Trump, with electoral path narrowing, insists he’s ‘winning’

(AP Photo/ Evan Vucci, File)
(AP Photo/ Evan Vucci, File)

TAMPA, Florida (AP) — Even as his path to the presidency narrows, a defiant Donald Trump is insisting he is “winning” and urging his supporters to defy what he is calling an establishment conspiracy to deny the White House to his populist movement.

Trump, in the middle of a three-day swing through battleground Florida as thousands began voting there in person, hammered the “disgusting” media on Monday for its “phony polls” that he claimed were the latest signs of a “rigged election.”

“The media isn’t just against me. They’re against all of you,” Trump told cheering supporters in St. Augustine. “They’re against what we represent.”

“I believe we’re actually winning,” he said.

But even as Trump publicly displayed his trademark bravado, his team conceded publicly as well as privately that he was trailing — and that crucial Pennsylvania may be slipping away to Democrat Hillary Clinton. That would leave him only a razor-thin pathway to the 270 electoral votes needed to win the White House on Nov. 8.

In more bad news for Trump, a new poll shows young voters turning to Clinton now that the race has settled down to two main candidates. Clinton now leads among likely voters 18 to 30 years in age by 60 percent to 19 percent, according to a new GenForward survey.

Young black voters already were solidly in her corner, and now young whites are moving her way, according to the survey by the Black Youth Project at the University of Chicago with the Associated Press-NORC Center for Public Affairs Research.

With Trump on the defensive, Clinton worked to slam the door on his candidacy in swing state New Hampshire while eyeing a possible Democratic majority in the Senate.

The former secretary of state campaigned alongside New Hampshire Gov. Maggie Hassan, who is running for the Senate, and Massachusetts Sen. Elizabeth Warren, who was merciless as she seized on recent revelations of Trump’s predatory sexual language and several allegations of sexual assault.

“He thinks that because he has a mouth full of Tic Tacs, he can force himself on any woman within groping distance,” Warren charged. “I’ve got news for you Donald: Women have had it with guys like you.”

Trump has denied all the recent allegations, and he addressed a new one Monday in an interview with WGIR radio in New Hampshire.

He called the accusations “total fiction” and lashed out at former adult film performer Jessica Drake, who said Saturday that he had grabbed and kissed her without permission and offered her money to visit his hotel room a decade ago.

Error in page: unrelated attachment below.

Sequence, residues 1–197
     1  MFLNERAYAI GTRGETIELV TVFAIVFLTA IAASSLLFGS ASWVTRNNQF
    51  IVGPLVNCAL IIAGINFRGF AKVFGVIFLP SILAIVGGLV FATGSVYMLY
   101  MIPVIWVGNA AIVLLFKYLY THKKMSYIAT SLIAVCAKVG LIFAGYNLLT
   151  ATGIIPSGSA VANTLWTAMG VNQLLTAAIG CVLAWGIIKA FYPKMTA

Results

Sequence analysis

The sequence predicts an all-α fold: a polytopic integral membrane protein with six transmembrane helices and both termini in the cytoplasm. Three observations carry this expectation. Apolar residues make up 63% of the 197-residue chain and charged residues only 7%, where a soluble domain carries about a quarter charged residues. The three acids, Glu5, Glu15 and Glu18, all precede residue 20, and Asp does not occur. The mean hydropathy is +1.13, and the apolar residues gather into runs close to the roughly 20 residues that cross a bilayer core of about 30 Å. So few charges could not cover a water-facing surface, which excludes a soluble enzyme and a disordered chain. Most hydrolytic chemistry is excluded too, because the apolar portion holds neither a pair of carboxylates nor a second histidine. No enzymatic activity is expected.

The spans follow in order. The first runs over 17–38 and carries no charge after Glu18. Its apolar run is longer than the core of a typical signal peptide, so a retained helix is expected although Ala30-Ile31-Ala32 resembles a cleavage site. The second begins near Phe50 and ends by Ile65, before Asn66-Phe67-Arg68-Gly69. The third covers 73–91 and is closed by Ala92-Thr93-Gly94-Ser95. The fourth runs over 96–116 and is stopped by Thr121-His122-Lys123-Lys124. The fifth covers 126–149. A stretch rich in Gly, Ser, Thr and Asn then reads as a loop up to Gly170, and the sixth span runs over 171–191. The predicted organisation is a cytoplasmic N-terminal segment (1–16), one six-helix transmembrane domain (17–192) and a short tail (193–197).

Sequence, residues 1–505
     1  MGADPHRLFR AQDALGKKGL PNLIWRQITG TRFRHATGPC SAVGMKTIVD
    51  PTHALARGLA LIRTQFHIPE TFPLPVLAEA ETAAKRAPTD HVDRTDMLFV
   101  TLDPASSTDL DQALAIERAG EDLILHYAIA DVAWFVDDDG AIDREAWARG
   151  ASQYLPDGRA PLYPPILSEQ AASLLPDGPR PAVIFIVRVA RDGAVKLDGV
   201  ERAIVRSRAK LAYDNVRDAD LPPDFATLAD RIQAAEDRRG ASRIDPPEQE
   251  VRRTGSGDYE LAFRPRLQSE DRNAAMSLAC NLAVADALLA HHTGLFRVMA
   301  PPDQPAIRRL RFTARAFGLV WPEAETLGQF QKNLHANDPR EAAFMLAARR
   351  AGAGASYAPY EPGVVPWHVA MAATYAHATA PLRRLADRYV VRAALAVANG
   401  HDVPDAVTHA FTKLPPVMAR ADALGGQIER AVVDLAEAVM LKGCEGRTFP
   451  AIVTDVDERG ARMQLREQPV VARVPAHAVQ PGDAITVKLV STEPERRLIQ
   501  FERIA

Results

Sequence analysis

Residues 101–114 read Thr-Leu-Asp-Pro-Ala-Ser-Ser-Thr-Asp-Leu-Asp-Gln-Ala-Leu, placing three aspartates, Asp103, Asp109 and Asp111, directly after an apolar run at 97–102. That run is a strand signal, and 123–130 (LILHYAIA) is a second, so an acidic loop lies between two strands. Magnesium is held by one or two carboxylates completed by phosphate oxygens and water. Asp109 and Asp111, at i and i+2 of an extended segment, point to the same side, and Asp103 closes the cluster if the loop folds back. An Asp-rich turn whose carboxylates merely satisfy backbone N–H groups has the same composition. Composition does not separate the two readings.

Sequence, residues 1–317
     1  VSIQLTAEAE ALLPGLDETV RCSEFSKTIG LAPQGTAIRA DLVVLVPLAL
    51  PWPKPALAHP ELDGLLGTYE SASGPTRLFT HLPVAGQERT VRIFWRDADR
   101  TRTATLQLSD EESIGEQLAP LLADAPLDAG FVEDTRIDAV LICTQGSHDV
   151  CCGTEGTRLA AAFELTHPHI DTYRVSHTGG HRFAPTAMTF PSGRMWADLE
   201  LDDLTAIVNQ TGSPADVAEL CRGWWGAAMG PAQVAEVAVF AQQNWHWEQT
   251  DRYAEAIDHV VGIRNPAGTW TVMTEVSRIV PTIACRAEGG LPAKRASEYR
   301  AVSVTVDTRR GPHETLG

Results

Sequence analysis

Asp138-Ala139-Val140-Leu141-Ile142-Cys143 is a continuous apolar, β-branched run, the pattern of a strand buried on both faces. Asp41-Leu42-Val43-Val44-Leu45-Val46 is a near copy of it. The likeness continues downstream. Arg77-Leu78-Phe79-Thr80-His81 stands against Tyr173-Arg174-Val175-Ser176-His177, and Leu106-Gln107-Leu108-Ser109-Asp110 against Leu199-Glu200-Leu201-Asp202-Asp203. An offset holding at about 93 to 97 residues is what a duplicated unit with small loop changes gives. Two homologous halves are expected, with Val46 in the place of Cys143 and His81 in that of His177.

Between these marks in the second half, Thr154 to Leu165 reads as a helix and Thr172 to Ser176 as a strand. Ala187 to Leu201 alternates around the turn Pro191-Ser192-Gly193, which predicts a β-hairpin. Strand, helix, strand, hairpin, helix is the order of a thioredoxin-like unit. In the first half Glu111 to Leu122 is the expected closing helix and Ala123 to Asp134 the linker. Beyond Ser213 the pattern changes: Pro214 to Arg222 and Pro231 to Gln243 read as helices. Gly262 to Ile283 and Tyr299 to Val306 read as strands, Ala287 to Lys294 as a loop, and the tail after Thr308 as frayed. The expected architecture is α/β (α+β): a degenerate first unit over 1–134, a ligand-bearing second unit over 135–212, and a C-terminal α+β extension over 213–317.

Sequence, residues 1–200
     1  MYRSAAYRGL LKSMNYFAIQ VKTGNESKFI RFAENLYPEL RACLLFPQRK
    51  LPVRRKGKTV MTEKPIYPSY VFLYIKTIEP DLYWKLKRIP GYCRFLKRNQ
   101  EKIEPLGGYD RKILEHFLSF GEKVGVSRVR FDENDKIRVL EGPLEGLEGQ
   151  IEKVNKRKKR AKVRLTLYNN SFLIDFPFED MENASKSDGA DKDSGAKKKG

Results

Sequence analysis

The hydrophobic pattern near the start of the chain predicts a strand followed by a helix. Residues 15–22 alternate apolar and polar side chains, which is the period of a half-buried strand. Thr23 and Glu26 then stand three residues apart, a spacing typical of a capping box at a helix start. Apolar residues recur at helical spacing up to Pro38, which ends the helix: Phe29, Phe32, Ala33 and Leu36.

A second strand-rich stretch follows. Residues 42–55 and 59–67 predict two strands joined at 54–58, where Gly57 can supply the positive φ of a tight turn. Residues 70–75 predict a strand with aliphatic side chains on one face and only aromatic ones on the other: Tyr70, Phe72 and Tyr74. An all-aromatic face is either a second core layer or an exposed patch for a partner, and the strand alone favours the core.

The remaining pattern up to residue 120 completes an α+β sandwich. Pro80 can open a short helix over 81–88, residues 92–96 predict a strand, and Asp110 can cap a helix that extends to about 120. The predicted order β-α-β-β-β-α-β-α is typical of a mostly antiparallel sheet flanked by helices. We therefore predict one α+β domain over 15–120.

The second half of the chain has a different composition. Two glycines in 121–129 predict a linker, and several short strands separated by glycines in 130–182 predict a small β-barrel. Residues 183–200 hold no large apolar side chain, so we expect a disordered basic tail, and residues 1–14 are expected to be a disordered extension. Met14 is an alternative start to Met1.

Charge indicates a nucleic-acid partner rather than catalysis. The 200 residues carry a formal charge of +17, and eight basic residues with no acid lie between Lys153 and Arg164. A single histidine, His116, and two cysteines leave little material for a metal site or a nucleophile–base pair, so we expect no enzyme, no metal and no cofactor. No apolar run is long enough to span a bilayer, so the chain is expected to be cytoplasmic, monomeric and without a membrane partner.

“One said, ‘He grabbed me on the arm.’ And she’s a porn star,” Trump said. He added, “Oh, I’m sure she’s never been grabbed before.”

With Election Day two weeks away, Trump’s electoral map looks bleak.

The Republican National Committee ignored him altogether in mailers to New Hampshire voters set to be distributed later this week, according to material obtained by The Associated Press. The mail focuses instead on Clinton’s credibility, featuring a picture of her and former President Bill Clinton and the words: “No More of The Lying Clintons.”

Trump’s campaign manager Kellyanne Conway outlined a path to 270 electoral votes on Sunday that banks on victories in Florida, Ohio, Iowa and North Carolina along with New Hampshire and Maine’s 2nd Congressional District. Assuming Trump wins all of those — and he currently trails in some — he would earn the exact number of electoral votes needed to win the presidency and no more.

Noticeably absent from the list was Pennsylvania, a state that a top adviser privately conceded was slipping away despite Trump’s aggressive courtship of the state’s white working-class voters. The adviser spoke on the condition of anonymity to share internal discussions.

Florida was largely the focus on Monday as in-person early voting began across 50 counties, including the state’s largest.

Democrats would take the Senate majority if they pick up four seats and Clinton wins the White House.

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Peoples reported from Washington. AP writers Ken Thomas in Manchester, New Hampshire, Kathleen Ronayne in Miami, Tom Beaumont in Des Moines, Iowa, Nicholas Riccardi in Denver and Laurie Kellman and Emily Swanson in Washington contributed.